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27th July 2004

The Subject.

Anthony, Count de la Roche - the 'Grand Bastard of Burgundy' - jousting at the Pas d'armes de l'Arbre d'Or, in the market place at Bruges in July 1468.

In July 1468, Margaret of York, sister to King Edward IV of England, was married to Charles the Bold, Duke of Burgundy. This great dynastic marriage was marked by processions, pageants and banquets, so magnificent that contemporaries marveled at the wealth and splendour of the Burgundian court. The highlight of the celebrations was undoubtedly the tournament - the Pas d'armes de l'Arbre d'Or (tournament of the Golden Tree) - held in the Market Place at Bruges in the shadow of the famous tower of the market hall - a landmark that can still be seen today.

The most complete account of the tournament was written at the time by Olivier de la Marche, and this describes the proceedings in great detail. Anthony, Count de la Roche undertook to defend the golden tree against a succession of challengers, jousting against each one for half an hour, with the winner being the knight to break the most lances in the prescribed time. The tournament lasted for eight days, and challengers included Anthony Woodville, Lord Scales, brother to Elizabeth, Queen of England.

Graham's composition concentrates on just one knight - the Bastard of Burgundy (an official title, not an insult - he was the illegitimate half brother of the Duke) as he spurs his horse into action during the tournament. Having witnessed and experienced how a horse can launch itself down the lists, Graham wants to convey the moment it's pent up energy is released into spectacular action. Over the coming weeks the painting will emerge from a blank canvas and evolve into Graham's vision of the events of five centuries ago, hopefully capturing some of the drama, excitement and colour of the medieval tournament in the process.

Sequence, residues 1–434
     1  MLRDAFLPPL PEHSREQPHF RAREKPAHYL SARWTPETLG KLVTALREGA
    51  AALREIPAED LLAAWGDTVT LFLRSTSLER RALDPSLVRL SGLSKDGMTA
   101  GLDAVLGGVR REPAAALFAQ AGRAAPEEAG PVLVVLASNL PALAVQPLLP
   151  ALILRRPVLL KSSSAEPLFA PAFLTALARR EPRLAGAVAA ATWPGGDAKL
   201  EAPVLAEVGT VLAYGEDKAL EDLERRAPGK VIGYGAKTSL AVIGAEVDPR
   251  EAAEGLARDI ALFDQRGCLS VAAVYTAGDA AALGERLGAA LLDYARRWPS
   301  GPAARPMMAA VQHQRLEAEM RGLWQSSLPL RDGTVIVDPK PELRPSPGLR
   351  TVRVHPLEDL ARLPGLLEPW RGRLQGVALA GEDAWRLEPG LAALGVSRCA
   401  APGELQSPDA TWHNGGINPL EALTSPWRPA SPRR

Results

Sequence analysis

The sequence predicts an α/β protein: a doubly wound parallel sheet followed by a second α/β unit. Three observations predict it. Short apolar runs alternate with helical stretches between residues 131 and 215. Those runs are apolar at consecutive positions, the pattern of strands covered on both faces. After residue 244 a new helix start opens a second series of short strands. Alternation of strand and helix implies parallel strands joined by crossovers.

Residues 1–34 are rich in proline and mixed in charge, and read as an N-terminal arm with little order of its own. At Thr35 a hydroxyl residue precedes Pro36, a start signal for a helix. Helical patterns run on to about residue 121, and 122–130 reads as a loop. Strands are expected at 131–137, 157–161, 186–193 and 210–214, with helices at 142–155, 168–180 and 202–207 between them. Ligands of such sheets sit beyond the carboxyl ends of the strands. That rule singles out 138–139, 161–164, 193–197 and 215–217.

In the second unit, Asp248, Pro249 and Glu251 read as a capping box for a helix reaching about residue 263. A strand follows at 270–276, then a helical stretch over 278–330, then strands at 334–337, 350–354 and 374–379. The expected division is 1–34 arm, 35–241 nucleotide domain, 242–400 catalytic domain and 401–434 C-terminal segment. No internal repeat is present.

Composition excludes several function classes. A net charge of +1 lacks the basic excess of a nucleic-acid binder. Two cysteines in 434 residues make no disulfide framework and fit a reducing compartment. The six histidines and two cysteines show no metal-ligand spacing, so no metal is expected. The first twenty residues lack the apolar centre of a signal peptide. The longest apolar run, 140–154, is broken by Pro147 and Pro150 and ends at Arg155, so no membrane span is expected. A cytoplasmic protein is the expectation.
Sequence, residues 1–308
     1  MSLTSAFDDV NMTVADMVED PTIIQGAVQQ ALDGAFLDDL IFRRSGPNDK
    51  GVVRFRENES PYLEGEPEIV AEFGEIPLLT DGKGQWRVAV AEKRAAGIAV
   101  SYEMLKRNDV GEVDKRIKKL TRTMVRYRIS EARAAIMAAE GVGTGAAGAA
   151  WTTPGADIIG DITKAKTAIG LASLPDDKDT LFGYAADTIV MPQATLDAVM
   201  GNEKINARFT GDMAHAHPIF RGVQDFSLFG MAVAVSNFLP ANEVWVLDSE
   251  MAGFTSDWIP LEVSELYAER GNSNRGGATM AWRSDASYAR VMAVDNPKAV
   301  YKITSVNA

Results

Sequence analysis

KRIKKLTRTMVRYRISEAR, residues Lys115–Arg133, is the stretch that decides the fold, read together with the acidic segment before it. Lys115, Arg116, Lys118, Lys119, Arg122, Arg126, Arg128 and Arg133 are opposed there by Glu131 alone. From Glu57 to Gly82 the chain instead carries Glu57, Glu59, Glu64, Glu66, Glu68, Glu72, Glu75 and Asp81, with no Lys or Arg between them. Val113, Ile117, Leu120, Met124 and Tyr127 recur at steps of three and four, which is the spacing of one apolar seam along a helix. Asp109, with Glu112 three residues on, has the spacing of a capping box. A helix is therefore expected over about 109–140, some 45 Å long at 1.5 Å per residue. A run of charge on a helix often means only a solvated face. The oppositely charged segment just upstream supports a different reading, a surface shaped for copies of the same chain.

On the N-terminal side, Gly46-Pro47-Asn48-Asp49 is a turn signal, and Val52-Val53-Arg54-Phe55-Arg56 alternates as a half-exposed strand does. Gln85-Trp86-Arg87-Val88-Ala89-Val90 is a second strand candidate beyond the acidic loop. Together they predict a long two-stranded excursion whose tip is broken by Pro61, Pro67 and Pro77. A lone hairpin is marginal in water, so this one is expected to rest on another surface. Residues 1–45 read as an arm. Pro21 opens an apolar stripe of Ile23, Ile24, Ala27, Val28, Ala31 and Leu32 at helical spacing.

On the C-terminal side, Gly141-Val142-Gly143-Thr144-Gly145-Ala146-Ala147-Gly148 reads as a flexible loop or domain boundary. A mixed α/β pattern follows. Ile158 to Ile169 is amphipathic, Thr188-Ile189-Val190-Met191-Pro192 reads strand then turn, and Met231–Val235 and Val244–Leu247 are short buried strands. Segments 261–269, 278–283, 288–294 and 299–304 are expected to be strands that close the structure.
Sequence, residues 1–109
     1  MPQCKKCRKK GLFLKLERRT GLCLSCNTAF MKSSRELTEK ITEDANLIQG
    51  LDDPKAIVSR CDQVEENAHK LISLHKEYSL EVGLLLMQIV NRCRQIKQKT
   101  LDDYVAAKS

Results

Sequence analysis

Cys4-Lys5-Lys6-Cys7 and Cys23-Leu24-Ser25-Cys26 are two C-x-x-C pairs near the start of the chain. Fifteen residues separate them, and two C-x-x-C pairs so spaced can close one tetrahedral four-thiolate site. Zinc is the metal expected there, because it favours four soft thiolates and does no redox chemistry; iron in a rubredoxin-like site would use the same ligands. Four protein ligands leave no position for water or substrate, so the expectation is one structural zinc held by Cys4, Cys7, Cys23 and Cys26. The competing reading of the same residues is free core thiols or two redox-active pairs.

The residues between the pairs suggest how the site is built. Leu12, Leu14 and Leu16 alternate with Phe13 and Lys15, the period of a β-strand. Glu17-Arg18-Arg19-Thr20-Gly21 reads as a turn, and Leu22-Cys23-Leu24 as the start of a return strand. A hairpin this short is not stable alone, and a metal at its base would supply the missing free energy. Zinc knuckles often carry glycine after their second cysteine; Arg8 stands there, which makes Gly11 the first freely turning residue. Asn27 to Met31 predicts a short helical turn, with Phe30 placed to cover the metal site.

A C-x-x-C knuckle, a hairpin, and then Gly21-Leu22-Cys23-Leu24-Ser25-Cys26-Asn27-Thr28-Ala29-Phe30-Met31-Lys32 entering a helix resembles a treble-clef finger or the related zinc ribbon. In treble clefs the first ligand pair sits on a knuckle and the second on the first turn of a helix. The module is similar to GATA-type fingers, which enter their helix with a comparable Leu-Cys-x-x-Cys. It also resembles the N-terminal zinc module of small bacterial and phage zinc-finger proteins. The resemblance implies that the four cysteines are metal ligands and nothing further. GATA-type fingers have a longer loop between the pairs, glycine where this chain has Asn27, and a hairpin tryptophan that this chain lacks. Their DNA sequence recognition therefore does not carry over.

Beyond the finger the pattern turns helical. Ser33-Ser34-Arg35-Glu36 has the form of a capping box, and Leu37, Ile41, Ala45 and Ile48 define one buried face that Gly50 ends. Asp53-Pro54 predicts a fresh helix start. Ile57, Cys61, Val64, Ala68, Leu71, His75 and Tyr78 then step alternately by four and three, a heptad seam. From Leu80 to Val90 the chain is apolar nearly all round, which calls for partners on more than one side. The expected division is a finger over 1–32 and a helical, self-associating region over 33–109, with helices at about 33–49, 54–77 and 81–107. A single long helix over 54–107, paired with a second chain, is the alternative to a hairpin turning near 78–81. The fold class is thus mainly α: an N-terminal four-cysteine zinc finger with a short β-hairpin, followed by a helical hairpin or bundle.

Coincidentally, while he is working on this painting, Graham's own jousting career will reach a pivotal moment. Having jousted in full armour for the first time on the 18th April, he will continue his training and hopes to joust in public in June. His painting diary will also keep you updated with his progress.

Graham Turner's jousting career has progressed a long way from the start he made whilst writing this Painting Diary in 2004, and he has now jousted at venues such as the Tower of London, the Royal Armouries Museum, and the Historisches Museum in Bern. The incredible experiences he has gained riding and competing in full plate armour at this high level have had a profound influence on his life and work, and you can find out more about Graham's jousting and his armour by CLICKING HERE

A large range of prints and cards reproduced from Graham Turner's medieval paintings are available from Studio 88, and full details of these, plus all Graham Turner's currently available originals, can be found on our website.

CLICK HERE to be taken to the relevant section of the site.